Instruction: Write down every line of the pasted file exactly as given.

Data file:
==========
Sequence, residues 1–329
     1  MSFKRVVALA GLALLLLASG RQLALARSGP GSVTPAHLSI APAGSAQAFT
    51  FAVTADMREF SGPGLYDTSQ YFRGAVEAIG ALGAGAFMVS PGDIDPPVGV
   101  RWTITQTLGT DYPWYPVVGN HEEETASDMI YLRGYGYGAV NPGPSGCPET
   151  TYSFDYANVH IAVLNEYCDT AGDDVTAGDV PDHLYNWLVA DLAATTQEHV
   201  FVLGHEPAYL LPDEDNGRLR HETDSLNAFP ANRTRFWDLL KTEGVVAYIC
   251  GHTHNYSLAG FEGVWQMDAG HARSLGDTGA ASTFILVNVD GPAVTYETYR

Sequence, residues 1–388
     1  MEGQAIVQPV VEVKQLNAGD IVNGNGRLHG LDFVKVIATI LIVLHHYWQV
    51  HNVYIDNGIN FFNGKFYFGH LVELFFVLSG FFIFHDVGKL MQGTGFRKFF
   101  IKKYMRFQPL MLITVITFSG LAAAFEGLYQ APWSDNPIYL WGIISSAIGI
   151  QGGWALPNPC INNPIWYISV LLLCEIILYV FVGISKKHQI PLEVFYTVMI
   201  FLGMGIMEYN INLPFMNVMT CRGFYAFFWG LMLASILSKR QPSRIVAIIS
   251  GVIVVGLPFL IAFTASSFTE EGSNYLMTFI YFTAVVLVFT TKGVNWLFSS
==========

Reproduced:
Sequence, residues 1–329
     1  MSFKRVVALA GLALLLLASG RQLALARSGP GSVTPAHLSI APAGSAQAFT
    51  FAVTADMREF SGPGLYDTSQ YFRGAVEAIG ALGAGAFMVS PGDIDPPVGV
   101  RWTITQTLGT DYPWYPVVGN HEEETASDMI YLRGYGYGAV NPGPSGCPET
   151  TYSFDYANVH IAVLNEYCDT AGDDVTAGDV PDHLYNWLVA DLAATTQEHV
   201  FVLGHEPAYL LPDEDNGRLR HETDSLNAFP ANRTRFWDLL KTEGVVAYIC
   251  GHTHNYSLAG FEGVWQMDAG HARSLGDTGA ASTFILVNVD GPAVTYETYR

Sequence, residues 1–388
     1  MEGQAIVQPV VEVKQLNAGD IVNGNGRLHG LDFVKVIATI LIVLHHYWQV
    51  HNVYIDNGIN FFNGKFYFGH LVELFFVLSG FFIFHDVGKL MQGTGFRKFF
   101  IKKYMRFQPL MLITVITFSG LAAAFEGLYQ APWSDNPIYL WGIISSAIGI
   151  QGGWALPNPC INNPIWYISV LLLCEIILYV FVGISKKHQI PLEVFYTVMI
   201  FLGMGIMEYN INLPFMNVMT CRGFYAFFWG LMLASILSKR QPSRIVAIIS
   251  GVIVVGLPFL IAFTASSFTE EGSNYLMTFI YFTAVVLVFT TKGVNWLFSS